"Our MRIs are very efficient in using the helium, we only have to refill the machines once a year," said Edwin "Steve" Stevens, chairman of the University of Utah’s Department of Radiology. "We also have a contract for service maintenance, which has two years left on the contract. But if we don’t find a replacement source, the shortage could affect us later."

At Intermountain Healthcare, spokesman Jess Gomez said GE Healthcare, which provides MRI systems to Intermountain and services the machines, has given assurances there will be adequate supplies of helium for now.

But GE Healthcare has concerns.

Helium is absolutely essential to MRI production, Tom Rauch global sourcing manager for GE Healthcare, told a Senate committee in May. Although GE is trying to conserve helium during the manufacturing process, MRI machines still need a lot of the gas. Depending on the type of scanner being produced, a machine needs from 4,000 liters to 10,000 liters of helium. If a supply issue resulted in no helium to properly service an MRI magnet — the most important component in the system — a sudden boil-off could occur.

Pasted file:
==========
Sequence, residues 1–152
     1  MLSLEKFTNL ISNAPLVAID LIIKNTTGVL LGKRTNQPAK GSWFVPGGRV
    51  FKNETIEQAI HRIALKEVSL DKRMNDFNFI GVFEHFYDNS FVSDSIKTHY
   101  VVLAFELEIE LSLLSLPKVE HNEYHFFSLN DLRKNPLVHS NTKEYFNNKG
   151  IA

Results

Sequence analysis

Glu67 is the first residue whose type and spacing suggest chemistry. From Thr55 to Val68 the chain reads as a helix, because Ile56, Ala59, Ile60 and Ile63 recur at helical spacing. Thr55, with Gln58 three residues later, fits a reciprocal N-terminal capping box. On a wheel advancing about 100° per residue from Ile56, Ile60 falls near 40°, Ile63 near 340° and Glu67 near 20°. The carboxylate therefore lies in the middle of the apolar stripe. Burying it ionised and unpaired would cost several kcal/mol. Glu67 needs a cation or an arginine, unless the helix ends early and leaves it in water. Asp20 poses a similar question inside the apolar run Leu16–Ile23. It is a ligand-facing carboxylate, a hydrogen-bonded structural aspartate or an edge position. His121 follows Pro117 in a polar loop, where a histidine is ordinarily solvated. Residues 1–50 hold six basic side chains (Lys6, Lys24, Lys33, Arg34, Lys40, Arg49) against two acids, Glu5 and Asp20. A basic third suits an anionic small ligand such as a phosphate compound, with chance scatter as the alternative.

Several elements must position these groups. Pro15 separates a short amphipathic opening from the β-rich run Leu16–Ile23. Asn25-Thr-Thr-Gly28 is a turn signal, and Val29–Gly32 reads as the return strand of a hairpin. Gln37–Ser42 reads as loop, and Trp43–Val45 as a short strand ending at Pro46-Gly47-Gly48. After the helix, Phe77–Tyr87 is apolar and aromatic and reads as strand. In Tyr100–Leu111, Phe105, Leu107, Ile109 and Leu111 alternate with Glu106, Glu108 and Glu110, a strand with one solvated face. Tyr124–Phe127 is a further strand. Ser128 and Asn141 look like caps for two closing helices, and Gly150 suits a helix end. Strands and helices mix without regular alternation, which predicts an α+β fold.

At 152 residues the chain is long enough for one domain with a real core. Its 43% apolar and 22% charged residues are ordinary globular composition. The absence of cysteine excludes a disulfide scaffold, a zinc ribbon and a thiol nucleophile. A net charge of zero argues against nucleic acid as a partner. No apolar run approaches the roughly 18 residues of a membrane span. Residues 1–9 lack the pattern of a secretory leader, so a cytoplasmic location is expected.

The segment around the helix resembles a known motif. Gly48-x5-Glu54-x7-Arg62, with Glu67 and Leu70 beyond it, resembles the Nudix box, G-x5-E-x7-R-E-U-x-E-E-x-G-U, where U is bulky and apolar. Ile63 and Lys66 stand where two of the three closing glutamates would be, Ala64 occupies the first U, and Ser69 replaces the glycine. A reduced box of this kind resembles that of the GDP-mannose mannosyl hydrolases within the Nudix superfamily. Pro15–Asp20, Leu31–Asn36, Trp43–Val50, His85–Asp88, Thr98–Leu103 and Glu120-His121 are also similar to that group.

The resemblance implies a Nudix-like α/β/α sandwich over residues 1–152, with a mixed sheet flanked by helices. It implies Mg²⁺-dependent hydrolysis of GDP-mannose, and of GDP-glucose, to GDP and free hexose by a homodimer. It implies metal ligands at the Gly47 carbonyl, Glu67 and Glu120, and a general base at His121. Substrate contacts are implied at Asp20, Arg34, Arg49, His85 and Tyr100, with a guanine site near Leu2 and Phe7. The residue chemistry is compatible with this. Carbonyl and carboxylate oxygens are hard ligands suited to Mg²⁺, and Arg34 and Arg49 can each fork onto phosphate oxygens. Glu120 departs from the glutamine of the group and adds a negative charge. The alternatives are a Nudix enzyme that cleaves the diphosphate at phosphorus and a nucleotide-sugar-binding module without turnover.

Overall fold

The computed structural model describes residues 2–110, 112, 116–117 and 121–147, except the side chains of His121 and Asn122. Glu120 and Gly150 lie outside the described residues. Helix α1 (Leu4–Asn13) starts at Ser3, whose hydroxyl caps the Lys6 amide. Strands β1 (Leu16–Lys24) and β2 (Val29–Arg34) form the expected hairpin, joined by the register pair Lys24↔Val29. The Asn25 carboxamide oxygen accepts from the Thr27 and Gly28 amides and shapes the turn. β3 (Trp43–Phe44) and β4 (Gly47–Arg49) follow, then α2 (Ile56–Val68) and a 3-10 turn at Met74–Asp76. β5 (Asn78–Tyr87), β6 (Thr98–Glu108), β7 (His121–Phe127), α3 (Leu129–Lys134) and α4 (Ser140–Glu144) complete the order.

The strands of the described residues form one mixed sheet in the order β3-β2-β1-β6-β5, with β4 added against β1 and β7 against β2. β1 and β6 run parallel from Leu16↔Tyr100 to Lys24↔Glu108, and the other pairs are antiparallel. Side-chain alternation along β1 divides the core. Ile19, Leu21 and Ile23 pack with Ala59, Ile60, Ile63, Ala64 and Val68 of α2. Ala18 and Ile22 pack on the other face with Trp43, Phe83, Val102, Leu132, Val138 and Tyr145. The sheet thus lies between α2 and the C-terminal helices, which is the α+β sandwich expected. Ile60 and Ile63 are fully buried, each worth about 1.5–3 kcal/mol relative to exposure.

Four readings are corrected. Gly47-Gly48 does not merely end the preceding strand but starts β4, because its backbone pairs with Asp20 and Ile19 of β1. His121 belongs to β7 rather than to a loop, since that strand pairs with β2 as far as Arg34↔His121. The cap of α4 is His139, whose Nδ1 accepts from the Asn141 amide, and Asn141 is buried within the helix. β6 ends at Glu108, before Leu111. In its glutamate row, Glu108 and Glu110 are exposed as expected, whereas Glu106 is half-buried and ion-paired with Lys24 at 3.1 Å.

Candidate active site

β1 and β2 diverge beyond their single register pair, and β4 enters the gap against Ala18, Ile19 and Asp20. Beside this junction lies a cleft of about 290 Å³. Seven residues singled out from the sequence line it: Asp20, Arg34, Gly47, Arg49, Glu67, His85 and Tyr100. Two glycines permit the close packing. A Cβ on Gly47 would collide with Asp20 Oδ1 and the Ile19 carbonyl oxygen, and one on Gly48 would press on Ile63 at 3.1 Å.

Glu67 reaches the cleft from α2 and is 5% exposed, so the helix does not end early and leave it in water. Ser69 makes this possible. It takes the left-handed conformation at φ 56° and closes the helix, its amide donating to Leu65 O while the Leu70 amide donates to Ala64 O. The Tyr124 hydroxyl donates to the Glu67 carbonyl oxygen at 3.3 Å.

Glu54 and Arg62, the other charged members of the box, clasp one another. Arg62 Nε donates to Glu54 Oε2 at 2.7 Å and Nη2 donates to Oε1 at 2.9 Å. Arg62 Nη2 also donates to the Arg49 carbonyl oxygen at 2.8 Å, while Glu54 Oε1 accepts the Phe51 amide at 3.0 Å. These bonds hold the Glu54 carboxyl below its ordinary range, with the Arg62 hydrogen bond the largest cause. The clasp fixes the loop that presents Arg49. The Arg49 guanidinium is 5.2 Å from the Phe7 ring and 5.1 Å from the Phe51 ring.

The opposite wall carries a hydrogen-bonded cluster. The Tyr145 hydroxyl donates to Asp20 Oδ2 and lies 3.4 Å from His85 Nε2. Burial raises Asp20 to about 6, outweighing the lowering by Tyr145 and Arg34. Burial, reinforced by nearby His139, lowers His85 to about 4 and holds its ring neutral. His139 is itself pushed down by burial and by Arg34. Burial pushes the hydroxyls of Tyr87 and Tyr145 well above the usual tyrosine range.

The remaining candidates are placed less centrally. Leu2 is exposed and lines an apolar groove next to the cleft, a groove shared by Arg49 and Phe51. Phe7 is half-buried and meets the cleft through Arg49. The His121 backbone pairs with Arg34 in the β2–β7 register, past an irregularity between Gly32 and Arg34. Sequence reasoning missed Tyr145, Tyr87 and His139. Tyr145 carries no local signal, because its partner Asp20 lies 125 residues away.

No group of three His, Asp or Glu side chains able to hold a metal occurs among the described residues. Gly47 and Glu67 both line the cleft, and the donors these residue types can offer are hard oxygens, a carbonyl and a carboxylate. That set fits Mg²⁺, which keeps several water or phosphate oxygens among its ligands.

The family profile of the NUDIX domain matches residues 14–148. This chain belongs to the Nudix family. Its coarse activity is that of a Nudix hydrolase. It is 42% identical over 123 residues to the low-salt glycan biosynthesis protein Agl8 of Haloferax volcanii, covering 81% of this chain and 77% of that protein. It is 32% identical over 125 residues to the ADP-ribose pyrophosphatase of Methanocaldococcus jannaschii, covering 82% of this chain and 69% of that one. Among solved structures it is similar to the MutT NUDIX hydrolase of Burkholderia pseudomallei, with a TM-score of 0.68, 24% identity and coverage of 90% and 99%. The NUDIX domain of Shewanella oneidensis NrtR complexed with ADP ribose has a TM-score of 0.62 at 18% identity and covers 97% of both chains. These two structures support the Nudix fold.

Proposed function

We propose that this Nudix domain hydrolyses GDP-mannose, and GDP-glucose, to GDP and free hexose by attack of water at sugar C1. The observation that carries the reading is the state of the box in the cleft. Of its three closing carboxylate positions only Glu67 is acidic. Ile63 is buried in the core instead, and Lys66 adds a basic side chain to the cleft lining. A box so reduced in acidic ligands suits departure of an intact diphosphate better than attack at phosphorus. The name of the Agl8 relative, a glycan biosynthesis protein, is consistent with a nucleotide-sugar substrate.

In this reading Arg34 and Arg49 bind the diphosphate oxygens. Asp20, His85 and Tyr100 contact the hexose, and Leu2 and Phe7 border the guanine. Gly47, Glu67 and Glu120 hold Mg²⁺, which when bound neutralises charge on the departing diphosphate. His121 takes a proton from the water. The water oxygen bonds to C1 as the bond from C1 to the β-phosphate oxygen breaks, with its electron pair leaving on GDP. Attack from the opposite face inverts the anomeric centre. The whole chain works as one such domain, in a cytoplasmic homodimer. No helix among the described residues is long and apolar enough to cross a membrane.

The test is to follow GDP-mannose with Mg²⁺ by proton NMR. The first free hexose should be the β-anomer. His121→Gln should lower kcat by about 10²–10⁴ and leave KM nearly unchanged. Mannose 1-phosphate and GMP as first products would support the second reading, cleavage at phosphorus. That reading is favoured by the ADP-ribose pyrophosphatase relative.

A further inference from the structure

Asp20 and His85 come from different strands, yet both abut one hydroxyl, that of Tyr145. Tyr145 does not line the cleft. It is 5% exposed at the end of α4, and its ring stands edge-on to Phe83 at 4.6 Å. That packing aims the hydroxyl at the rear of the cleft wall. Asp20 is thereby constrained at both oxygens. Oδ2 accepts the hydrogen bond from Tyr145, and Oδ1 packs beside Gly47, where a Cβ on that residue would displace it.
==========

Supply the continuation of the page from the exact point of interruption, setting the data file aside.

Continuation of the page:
"Although there [would be] no immediate patient safety risk, a magnet could sustain permanent damage and may need to be replaced, an expensive and time-consuming process," he said. "Replacing an MRI often involves a crane, street closures, and knocking down ceilings and walls of a care facility. During this time, patients would not have access to and MRI, and needed care [would not be delivered]."